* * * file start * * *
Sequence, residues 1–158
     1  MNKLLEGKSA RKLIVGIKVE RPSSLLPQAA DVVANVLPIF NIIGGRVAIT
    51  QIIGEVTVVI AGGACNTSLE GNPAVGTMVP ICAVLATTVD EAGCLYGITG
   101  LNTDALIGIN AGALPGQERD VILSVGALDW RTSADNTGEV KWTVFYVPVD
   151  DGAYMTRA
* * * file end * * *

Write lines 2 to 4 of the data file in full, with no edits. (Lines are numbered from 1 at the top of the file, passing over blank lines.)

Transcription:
     1  MNKLLEGKSA RKLIVGIKVE RPSSLLPQAA DVVANVLPIF NIIGGRVAIT
    51  QIIGEVTVVI AGGACNTSLE GNPAVGTMVP ICAVLATTVD EAGCLYGITG
   101  LNTDALIGIN AGALPGQERD VILSVGALDW RTSADNTGEV KWTVFYVPVD